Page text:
The Government has scrapped plans to extend the right to request flexible working to parents of 17 year olds, as was originally planned for April 2011. This is one of a range of measures designed to reduce the amount of red tape faced by employers. The right to request flexible working continues to apply to employees who care for a child under 17 (or 18 is disabled) or a dependent adult. The Government still intends in the future to extend the right to request flexible working to all employees, regardless of their caring responsibilities. A consultation paper is due to be published this year to consider this extension.
Additional Paternity Leave
Fathers of babies due on or after 3 April 2011 (and other relevant carers – eg. The mother’s spouse or partner) are now able to take up to six months’ additional paternity leave in addition to the existing entitlement of one or two weeks. The right also applies to adoptive couples. To be eligible for the additional leave, the employee must have at least 26 weeks’ service and apart from the mother, expect to have the main responsibility for the child’s upbringing. It is a condition of the leave that the mother has ended her maternity leave early. The additional leave will only be paid if it is taken when the mother would otherwise have been entitled to statutory maternity pay or maternity allowance, in which case it will be paid at the statutory rate.
The Government is also considering an even more flexible system of ‘shared parental leave’ which would allow parents to split the leave between them as they see fit, rather than having to take it in back-to-back blocks. A consultation will take place during 2011 on how the system will work, and it is proposed that any changes would be introduced by 2015.
Statutory Maternity, Paternity, Adoption and Sick Pay
On 11 April 2011, the lower rate of statutory maternity pay, and the rates of statutory adoption and paternity pay, will increase from £124.88 to £128.73 per week. Statutory sick pay will increase from £79.15 to £81.60 per week.
Equality and Diversity
Since 6th April 2011, employers are now allowed to discriminate in favour of a candidate in recruitment or promotion, but only when choosing between equally qualified candidates where the aim is to address an imbalance in the workforce – eg. selecting a female over an equally qualified male to join an all male management team. The Government has produced guidance which suggests that, when deciding whether two candidates are “equally qualified”, the employer can take into account their overall ability, competence, professional experience, any relevant formal qualifications and any other qualities required to carry out the job. In spite of the guidance, few employers will want to rely on this provision. If the employer gets it wrong, and the two candidates are not equally qualified, the candidate who is rejected because of their sex, race, religion etc, will almost certainly have a discrimination claim.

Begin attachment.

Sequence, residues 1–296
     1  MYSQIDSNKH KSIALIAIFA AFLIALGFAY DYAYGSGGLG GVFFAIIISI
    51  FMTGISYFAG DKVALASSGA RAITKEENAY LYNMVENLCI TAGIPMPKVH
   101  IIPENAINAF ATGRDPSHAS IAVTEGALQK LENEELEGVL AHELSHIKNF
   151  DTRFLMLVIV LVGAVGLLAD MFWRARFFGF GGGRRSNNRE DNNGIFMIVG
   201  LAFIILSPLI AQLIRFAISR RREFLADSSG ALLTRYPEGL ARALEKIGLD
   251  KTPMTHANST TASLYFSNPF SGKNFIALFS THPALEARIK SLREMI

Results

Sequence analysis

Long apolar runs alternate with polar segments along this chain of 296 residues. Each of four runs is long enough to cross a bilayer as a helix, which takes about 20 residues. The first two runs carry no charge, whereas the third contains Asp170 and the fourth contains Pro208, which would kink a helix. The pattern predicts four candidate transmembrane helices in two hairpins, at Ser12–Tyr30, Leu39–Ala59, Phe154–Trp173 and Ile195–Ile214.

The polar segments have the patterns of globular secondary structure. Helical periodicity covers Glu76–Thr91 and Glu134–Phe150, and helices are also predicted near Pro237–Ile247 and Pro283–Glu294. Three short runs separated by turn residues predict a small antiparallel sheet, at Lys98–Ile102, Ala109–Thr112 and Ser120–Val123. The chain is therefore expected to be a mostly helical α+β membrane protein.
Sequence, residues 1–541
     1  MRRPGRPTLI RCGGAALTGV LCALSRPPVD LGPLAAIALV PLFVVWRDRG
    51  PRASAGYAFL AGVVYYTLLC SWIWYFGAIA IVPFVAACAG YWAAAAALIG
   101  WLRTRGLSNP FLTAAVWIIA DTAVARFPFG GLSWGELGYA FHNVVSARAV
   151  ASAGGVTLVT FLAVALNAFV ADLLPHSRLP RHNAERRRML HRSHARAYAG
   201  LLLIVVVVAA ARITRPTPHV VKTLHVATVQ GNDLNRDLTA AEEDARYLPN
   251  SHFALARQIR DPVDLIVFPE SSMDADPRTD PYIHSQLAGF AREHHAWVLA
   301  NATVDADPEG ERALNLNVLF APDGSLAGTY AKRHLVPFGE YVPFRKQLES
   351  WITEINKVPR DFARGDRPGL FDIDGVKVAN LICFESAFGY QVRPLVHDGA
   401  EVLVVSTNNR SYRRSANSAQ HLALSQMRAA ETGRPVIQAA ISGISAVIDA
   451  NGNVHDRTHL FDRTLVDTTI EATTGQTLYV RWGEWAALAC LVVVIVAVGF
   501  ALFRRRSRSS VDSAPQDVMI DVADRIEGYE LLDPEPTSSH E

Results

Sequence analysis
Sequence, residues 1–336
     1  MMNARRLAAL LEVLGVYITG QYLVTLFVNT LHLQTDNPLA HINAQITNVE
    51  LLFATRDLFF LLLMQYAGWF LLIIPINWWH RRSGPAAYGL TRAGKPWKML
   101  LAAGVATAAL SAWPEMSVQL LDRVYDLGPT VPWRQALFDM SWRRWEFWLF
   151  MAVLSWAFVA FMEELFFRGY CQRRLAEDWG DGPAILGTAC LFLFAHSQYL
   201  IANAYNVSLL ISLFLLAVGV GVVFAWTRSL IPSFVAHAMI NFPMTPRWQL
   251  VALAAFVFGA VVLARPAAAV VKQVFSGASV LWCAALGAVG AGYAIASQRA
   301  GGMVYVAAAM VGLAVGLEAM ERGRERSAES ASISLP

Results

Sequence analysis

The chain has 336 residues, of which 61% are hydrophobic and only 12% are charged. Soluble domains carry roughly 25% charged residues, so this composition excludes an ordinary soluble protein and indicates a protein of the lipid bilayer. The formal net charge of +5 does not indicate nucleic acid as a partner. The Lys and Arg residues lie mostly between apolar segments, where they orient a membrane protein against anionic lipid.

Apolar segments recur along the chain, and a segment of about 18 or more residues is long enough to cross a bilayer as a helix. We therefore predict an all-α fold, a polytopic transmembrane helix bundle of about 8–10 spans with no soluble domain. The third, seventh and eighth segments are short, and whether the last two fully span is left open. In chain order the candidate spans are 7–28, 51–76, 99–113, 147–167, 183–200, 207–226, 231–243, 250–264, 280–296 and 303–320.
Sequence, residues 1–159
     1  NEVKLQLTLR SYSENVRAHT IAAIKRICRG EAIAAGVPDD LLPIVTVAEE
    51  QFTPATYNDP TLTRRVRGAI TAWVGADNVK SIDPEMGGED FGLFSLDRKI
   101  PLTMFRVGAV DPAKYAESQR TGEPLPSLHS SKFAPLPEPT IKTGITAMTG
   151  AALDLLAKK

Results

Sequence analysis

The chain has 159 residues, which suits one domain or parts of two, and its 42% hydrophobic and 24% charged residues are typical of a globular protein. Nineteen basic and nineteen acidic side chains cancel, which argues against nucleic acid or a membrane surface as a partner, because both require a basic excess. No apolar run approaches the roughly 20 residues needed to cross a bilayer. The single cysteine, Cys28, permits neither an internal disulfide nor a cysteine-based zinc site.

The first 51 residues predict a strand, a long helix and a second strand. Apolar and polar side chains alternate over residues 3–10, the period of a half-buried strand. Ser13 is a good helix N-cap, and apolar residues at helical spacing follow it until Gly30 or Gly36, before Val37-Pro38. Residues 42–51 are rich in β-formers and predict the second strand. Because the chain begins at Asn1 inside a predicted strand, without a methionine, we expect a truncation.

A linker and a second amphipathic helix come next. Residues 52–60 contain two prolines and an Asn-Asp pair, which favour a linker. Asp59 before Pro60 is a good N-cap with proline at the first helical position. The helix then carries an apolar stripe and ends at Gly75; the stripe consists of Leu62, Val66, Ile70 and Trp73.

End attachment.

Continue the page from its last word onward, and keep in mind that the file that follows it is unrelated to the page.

The way that tax relief works on employer-provided childcare vouchers was changed on the 6 April 2011. Previously, the first £55 a week (or £243 a month) of eligible childcare vouchers was exempt from income tax and national insurance contributions for all employees. Now the value of vouchers which are tax and NICs free will vary according to the employee’s tax rate. This is designed to even out the tax savings available to all employees. Employers therefore, need to estimate the employee’s earnings to determine the value of vouchers that can be provided tax-free. The change only affects people joining an employer’s scheme on or after 6 April 2011 – employees who already participate in an employer scheme as at 5 April 2011 are not affected. HMRC has published guidance on the changes, including how to estimate the employee’s earnings, which is available atwww.hmrc.gov.uk/thelibrary/esc-qa.htm.
The rules on deducting tax for termination payments also changed in April. From 6 April 2011, employers must deduct tax from post-P45 payments at the employee’s marginal rate (not at basic rate as was previously the case) and on the basis that all allowances have been used. Employers should ensure that any compromise agreements with payments due on or after 6 April refer to tax being deducted at the applicable rate, rather than basic rate.